Golf is supposed to be fun – even for beginners!
For the novice getting started, the game entails entering a world with rich and varied history, a potentially major investment of time and money, a steep physical and mental learning curve – and enormous fun!
Part of the excitement is the newness and the joy of finding a sport that you can play alone, with friends and spouses, or even with the whole family. But golf is a difficult game to play well and can be frustrating and expensive if you don’t invest a little time finding out what you need to know.
The best way a beginner can begin is by learning what not to do.
First, don’t rush out and spend a large amount of money on course fees, equipment, lessons, clothing, and so forth. You don’t yet know which courses are worth it, what equipment is suits you, and even lessons can wait a bit.
Start small and don’t take everything too seriously too soon. Some pros advise against spending too much time on the driving range early on, because they want you to avoid developing bad habits which are hard to break. But some time on a range can be a quick and cheap way to get your muscles moving, find out if you have an aptitude or real interest in golf, and give you an idea of the types of clubs and balls to use.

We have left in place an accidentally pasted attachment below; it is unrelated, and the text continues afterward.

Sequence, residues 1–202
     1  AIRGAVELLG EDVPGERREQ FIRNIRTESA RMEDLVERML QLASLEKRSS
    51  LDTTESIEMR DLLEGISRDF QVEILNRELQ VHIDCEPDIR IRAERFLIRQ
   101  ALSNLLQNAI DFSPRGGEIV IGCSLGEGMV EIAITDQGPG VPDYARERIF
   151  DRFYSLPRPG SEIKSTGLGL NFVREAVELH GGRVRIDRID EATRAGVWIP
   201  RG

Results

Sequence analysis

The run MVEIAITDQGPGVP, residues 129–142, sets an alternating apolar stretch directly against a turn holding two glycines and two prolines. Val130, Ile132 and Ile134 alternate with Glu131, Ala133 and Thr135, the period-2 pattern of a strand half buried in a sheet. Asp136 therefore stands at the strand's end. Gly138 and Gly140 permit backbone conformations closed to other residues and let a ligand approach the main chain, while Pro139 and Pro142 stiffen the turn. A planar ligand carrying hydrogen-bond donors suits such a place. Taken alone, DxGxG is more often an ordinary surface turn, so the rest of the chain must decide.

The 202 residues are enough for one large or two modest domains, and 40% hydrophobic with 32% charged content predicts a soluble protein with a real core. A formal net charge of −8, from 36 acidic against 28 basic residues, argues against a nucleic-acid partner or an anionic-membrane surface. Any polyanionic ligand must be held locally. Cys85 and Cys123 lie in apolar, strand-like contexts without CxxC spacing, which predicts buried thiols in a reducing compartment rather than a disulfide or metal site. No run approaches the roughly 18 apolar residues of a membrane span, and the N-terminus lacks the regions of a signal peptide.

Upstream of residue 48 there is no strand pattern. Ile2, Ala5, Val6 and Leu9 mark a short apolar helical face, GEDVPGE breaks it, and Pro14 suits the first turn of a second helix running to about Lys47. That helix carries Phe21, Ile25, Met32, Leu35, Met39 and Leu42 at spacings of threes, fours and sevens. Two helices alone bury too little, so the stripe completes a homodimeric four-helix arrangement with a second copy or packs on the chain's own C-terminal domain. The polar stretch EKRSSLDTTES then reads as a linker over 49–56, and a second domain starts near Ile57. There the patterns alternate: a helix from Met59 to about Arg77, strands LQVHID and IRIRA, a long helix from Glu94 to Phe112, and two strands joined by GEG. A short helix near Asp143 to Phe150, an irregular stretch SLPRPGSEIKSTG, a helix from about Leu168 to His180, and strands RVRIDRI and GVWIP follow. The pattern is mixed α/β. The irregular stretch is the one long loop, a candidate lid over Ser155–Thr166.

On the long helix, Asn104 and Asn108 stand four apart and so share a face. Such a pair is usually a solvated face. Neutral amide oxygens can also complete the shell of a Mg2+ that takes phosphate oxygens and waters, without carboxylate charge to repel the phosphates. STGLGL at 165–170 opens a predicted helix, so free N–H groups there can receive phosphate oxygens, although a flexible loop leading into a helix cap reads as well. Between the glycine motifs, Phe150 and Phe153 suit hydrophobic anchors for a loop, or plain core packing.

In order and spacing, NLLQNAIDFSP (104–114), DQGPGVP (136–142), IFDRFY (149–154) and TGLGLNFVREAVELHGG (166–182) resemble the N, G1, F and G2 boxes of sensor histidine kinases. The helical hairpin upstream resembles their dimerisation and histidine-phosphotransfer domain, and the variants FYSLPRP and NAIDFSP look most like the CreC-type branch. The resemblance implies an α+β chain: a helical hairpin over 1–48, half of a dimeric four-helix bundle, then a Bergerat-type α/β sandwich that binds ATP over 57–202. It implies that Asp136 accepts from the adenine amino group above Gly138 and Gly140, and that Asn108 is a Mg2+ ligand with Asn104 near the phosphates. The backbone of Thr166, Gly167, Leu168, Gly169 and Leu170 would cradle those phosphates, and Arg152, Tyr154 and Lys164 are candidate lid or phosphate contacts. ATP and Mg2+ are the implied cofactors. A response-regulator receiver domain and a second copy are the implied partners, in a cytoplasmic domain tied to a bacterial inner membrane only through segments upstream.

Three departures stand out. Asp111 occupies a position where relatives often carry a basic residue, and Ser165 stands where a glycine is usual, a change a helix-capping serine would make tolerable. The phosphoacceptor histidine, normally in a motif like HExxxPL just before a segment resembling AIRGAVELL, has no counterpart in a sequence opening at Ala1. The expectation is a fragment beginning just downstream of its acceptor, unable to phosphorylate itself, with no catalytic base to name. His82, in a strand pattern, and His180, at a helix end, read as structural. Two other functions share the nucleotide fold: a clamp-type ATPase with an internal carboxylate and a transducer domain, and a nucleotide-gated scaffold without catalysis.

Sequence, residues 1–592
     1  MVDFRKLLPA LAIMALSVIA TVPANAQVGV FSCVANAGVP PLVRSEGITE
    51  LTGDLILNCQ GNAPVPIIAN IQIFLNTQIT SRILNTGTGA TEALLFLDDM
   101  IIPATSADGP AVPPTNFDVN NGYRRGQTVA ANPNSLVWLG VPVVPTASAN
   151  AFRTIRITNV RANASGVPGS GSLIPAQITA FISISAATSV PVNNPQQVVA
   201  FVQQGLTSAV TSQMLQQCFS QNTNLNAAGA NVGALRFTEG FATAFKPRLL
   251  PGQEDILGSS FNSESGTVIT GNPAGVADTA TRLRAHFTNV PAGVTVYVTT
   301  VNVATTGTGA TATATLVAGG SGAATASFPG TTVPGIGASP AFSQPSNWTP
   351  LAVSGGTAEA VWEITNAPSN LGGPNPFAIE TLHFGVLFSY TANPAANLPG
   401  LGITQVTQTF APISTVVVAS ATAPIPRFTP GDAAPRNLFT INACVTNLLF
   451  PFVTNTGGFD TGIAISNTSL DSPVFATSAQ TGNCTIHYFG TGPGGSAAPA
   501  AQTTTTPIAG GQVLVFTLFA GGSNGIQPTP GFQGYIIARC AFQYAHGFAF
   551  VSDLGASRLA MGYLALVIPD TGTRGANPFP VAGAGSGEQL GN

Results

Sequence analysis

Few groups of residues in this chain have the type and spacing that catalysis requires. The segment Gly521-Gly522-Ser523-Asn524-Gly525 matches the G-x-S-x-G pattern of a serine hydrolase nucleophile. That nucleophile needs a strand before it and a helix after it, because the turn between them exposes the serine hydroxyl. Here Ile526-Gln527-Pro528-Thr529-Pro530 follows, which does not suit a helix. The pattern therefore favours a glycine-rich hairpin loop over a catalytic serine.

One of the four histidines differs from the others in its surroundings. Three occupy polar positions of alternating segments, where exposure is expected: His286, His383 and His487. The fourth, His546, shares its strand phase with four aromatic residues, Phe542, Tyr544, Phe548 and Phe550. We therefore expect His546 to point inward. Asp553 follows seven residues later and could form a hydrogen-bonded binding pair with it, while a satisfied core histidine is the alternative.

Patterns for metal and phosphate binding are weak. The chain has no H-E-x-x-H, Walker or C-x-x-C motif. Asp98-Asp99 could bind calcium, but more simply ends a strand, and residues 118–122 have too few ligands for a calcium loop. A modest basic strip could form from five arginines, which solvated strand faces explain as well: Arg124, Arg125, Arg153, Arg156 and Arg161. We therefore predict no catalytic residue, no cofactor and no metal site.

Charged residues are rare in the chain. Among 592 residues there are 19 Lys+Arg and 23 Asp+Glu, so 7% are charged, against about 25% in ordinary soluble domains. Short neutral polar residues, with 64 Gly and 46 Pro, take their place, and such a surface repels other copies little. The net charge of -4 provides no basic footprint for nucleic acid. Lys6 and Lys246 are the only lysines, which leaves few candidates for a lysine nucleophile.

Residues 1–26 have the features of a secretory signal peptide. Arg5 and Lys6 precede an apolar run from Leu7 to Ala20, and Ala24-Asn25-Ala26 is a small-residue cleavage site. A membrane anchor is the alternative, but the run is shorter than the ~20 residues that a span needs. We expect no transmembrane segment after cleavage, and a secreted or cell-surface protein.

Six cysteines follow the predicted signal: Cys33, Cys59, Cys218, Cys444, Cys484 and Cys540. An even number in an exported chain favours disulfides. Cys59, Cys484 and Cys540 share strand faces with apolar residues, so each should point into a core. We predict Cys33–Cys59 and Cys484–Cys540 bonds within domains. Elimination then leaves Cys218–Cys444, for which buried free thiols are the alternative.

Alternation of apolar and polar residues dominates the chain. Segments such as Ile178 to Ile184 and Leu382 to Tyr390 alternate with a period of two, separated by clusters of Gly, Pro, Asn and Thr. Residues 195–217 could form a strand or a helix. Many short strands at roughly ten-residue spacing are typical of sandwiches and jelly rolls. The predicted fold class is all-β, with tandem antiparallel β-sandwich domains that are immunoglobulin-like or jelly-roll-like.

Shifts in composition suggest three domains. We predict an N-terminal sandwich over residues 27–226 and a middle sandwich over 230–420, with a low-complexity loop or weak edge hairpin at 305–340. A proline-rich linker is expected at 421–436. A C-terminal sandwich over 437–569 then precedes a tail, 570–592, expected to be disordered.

Find an inexpensive course and wear comfortable, loose clothing that doesn’t bind your arms and shoulders. Start with a simple three club set borrowed from a friend or rented from the clubhouse. A Nine iron, a wedge, and a Number 5 wood is plenty. Actually you’ll use the wedge less on a driving range, but you can add a putter and move to the putting practice area later. Some courses have miniature sand traps for practicing.
Relax, observe those who hit well and imitate their grip, stance, and posture. Tee up, keep your eye on the ball as you swing, and give it a firm whack. If you miss a few, so be it. Enjoy. You’re teaching your body what the swing feels like, what angle and impact produces what kind of flight.
On the putting green, start very close to the hole – no more than a couple of feet. When you can make 25 putts in a row more or less consistently, move back to six feet, 10 feet, 20 feet – no farther. ’More or less’ consistently – even the pros sometimes miss a two-footer!
Whether driving or putting, stand so that a casual push wouldn’t knock you over. Golf is about balance, concentration, and some simple physics. Now, go have a cool drink in the clubhouse and enjoy the day. You did well your first time out.